NARAL chief takes step toward Democratic chair run – Politico

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Ilyse Hogue addresses the 2016 Democratic National Convention in Philadelphia on July 27. | AP Photo

Ilyse Hogue, president of the abortion-rights group NARAL, took a step closer to jumping into the race for Democratic National Committee chair by laying out her vision for the party.

In an email to DNC members on Monday, Hogue writes that she’s been encouraged to join the race and describes how the DNC is crucial to the success of the Democratic Party.

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“I believe the DNC has a critical role to play in regrouping after 2016, one that fully embraces the [Paul] Wellstone triad approach to change: public policy that reflects peoples’ needs, grassroots organizing that honors peoples’ lived experience, and an electoral strategy that brings both to bear to ensure victory,” Hogue writes in the email set to go out Monday morning.

“The DNC can be not just a force every two years at election time, but also a daily presence in peoples’ lives, relevant in policy discussions and responsive to ideas and concerns of people where they live.”

Hogue’s email, obtained first by POLITICO, is the latest sign that the field to succeed interim-DNC chairwoman Donna Brazile, is likely to expand.

If Hogue did jump into the race she would join Rep. Keith Ellison, South Carolina Democratic Party chairman Jaime Harrison, and former Vermont Gov. Howard Dean, a former DNC chairman. Others are still considering running, including New Hampshire Democratic Party chairman Ray Buckley, who has sent out similar thoughts on the DNC to members.

Hogue, in her email, asserts that “fighting Trump’s agenda has to be top priority for the party” and highlights the common ground shared by the party’s varied constituencies.

“Fighting Wall Street greed and protecting women’s fundamental rights aren’t at odds, they’re intertwined. Recognizing these intersections will be critical to build momentum from the outset for the hard policy fights and for electoral accountability come mid-terms. Diversity is our strength and must be our aspiration and our future,” Hogue writes.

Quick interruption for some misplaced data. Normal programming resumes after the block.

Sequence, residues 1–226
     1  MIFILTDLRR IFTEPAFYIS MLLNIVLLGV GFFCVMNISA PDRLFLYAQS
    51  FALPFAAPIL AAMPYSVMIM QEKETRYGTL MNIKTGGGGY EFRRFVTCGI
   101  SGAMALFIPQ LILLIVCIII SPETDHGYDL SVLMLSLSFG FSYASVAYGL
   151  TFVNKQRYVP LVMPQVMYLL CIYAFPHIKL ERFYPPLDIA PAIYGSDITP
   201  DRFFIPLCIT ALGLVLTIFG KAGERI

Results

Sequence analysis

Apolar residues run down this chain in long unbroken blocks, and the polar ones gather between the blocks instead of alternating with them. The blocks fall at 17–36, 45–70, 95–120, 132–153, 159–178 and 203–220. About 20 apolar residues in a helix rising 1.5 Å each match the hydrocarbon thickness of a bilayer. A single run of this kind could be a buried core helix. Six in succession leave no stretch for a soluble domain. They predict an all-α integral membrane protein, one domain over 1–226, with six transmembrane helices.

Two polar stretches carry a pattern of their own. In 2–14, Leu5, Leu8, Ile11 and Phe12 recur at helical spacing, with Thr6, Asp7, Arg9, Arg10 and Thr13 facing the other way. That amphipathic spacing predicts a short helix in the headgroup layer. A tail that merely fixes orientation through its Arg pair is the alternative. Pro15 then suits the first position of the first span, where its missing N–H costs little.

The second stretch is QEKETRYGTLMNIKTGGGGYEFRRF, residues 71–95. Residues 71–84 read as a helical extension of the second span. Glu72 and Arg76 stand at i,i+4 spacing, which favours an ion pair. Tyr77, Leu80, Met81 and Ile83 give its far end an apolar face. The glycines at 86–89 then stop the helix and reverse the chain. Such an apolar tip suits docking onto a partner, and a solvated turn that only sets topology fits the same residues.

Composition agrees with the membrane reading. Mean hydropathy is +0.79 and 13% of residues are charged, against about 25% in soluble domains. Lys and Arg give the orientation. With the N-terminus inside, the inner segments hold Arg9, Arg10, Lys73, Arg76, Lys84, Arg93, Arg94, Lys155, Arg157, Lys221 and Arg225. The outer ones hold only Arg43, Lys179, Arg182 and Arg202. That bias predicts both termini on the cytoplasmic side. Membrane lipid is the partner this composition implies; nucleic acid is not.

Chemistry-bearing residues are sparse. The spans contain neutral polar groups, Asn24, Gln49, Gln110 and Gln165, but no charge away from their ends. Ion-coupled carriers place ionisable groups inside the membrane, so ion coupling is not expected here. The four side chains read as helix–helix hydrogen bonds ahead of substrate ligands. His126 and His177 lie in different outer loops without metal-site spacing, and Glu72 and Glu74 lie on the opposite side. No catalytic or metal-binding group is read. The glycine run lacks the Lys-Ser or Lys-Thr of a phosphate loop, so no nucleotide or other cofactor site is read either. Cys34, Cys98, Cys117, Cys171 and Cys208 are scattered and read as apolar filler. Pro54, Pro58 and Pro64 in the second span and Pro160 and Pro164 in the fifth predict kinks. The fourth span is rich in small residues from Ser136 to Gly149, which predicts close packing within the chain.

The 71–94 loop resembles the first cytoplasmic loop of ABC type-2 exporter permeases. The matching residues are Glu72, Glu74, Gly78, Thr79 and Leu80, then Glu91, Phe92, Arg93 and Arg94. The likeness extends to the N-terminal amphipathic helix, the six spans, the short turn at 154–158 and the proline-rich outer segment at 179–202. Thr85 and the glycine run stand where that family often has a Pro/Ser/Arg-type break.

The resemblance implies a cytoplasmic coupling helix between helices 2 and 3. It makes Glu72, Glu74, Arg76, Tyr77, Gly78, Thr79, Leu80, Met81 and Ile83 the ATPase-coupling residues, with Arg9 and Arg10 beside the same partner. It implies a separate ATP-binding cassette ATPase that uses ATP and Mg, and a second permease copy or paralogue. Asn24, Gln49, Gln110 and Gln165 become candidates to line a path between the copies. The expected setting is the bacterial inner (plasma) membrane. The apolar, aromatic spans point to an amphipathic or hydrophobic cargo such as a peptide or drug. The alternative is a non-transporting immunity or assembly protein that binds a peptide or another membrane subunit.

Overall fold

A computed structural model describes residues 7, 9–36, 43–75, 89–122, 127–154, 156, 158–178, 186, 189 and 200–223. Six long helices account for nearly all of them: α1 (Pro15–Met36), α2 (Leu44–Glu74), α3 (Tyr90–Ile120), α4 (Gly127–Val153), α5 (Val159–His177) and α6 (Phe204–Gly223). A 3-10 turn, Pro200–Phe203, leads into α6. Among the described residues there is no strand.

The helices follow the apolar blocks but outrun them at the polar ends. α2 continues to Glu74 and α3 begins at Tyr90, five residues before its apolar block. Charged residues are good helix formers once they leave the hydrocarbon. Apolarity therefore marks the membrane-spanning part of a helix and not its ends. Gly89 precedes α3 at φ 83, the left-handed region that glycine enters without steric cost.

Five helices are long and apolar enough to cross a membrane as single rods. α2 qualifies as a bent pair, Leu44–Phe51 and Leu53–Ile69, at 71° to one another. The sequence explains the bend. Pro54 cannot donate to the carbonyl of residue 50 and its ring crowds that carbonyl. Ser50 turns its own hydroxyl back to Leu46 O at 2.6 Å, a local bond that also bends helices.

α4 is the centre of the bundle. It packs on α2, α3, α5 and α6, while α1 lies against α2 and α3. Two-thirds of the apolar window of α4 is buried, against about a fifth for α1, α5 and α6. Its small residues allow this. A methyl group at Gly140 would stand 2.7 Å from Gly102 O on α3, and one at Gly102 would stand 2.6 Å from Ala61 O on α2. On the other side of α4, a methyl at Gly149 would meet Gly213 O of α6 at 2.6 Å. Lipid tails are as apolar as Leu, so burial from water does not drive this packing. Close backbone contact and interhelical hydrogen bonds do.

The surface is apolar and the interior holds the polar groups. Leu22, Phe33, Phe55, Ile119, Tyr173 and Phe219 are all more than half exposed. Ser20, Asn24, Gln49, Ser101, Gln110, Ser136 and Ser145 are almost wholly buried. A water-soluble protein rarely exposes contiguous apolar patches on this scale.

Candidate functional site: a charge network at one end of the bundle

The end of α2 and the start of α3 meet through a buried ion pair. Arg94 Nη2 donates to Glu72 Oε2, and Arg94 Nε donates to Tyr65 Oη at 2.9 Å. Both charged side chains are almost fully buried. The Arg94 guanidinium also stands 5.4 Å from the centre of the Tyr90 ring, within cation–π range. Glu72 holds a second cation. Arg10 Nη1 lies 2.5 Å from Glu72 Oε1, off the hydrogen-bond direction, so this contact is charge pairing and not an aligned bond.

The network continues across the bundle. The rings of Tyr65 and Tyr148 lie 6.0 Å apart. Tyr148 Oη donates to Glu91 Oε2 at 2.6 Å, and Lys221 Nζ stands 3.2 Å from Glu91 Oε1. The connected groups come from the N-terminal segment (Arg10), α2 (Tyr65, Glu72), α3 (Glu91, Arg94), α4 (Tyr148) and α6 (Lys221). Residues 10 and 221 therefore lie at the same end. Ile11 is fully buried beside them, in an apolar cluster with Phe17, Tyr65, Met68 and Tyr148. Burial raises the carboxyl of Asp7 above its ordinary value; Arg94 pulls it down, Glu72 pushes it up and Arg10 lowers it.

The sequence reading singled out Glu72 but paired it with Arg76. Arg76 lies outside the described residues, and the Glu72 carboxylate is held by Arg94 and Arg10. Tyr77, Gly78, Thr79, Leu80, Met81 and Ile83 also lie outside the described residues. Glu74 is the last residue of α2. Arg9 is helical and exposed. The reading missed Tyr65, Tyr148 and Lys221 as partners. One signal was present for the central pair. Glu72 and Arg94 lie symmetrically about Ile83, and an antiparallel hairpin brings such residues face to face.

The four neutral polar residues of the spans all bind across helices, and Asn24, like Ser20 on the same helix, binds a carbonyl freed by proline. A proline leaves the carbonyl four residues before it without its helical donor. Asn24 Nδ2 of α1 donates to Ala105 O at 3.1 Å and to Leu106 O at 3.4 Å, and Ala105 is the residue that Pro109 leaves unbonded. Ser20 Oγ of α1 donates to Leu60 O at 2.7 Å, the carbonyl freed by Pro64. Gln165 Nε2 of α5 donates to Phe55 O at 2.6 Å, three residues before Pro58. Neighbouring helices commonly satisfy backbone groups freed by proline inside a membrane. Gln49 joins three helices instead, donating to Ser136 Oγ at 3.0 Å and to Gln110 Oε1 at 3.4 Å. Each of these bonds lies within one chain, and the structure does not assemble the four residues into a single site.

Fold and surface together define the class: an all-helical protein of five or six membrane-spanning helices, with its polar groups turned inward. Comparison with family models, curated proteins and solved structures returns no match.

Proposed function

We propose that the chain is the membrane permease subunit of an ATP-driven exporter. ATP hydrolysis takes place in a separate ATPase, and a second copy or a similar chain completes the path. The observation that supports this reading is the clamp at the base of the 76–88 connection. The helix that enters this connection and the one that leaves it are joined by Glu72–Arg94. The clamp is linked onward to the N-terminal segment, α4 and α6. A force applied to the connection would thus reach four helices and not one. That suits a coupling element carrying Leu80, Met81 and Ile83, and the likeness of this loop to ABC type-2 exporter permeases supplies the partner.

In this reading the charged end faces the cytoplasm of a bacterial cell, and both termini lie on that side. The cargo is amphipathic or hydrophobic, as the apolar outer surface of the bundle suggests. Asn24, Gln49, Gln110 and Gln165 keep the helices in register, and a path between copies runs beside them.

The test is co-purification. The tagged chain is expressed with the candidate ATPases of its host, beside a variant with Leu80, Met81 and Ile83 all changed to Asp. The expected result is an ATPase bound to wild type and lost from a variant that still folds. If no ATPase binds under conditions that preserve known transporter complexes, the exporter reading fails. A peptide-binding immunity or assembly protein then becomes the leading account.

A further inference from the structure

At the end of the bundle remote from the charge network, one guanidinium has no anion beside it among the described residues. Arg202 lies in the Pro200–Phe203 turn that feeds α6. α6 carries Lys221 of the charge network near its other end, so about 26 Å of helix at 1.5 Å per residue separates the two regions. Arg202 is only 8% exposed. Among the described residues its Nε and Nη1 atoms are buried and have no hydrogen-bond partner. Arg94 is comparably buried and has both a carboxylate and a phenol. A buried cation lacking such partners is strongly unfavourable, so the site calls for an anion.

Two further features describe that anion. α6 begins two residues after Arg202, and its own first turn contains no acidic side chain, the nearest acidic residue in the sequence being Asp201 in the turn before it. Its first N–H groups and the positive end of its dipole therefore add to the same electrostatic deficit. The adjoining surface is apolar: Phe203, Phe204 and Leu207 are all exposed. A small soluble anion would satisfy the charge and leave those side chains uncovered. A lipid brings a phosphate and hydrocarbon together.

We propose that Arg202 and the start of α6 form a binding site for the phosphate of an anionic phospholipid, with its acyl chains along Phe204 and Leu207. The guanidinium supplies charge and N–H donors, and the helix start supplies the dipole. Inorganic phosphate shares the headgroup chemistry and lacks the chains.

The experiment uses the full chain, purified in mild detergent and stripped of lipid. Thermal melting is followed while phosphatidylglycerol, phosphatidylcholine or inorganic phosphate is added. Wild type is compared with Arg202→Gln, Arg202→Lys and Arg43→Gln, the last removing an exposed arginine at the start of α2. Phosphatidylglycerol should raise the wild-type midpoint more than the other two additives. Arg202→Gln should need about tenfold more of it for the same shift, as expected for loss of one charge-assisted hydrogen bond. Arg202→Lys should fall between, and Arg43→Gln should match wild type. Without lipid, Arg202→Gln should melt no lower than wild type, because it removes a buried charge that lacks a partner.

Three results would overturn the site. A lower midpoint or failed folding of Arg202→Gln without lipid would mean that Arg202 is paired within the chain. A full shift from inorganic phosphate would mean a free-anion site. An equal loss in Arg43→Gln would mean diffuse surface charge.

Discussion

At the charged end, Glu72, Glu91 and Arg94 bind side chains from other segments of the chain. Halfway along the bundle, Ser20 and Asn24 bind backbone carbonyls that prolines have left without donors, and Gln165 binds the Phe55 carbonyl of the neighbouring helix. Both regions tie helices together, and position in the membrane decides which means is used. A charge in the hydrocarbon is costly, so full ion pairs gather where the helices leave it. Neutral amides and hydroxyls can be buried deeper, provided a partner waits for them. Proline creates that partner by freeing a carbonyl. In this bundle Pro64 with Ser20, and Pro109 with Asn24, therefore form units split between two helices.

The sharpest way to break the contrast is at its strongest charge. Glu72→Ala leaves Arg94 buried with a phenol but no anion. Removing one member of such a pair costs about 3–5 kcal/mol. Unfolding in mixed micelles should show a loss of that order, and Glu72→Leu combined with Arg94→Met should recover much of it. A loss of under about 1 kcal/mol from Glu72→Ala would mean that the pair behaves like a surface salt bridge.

The NARAL president, who was a top Hillary Clinton surrogate, calls for some reforms advocated by Sen. Bernie Sanders, most notably eliminating superdelegates.

“There’s no doubt the party should have a place of honor for those who give their lives to it and their earned wisdom, but the idea of super delegates who might overturn the will of the voters is antithetical to the democratic principles we stand for,” Hogue continues.

In the Democratic presidential primary and during negotiations over the party’s 2016 policy platform reforming the super delegate system was a top priority for Sanders and his supporters. In the end, the Vermont senator was able to push the party to create a commission to look at changing the super delegate system.

Hogue doesn’t offer a timetable for when she will make a final decision. If she does run for chair, Hogue would be a formidable candidate, one who’s respected among former Clinton supporters and DNC members, has strong fundraising chops and high name recognition within the party.

She would also have a take-no-prisoners approach toward President-elect Donald Trump, whom she denounces in the sharpest of terms.

“Democrats won the popular vote by a wider margin than any campaign in history whose candidate did not become president. Furthermore, Hillary Clinton received more votes for president than anyone who has ever run for the office, other than Barack Obama, and statistically speaking, Donald Trump is the biggest loser ever to walk into the White House,” Hogue writes.

“We have no time to waste. Through their appointments, statements, and associations, the Trump Administration has already proven our worst fears about their racist, corrupt, chaotic, and damaging agenda to be true, even before they arrive at the White House. They will seek to divide people against each other attacking our sisters and brothers across America.’



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